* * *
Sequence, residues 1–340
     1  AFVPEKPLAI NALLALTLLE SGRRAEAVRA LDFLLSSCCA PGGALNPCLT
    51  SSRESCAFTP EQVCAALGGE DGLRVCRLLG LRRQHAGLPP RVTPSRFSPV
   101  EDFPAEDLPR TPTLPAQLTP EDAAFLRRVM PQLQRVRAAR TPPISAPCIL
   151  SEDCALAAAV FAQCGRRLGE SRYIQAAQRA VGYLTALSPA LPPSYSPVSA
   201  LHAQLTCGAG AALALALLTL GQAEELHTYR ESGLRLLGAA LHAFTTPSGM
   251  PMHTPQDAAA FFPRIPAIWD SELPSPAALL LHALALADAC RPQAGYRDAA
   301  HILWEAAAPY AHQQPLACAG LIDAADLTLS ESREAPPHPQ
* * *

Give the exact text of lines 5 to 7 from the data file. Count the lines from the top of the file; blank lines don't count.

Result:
   151  SEDCALAAAV FAQCGRRLGE SRYIQAAQRA VGYLTALSPA LPPSYSPVSA
   201  LHAQLTCGAG AALALALLTL GQAEELHTYR ESGLRLLGAA LHAFTTPSGM
   251  PMHTPQDAAA FFPRIPAIWD SELPSPAALL LHALALADAC RPQAGYRDAA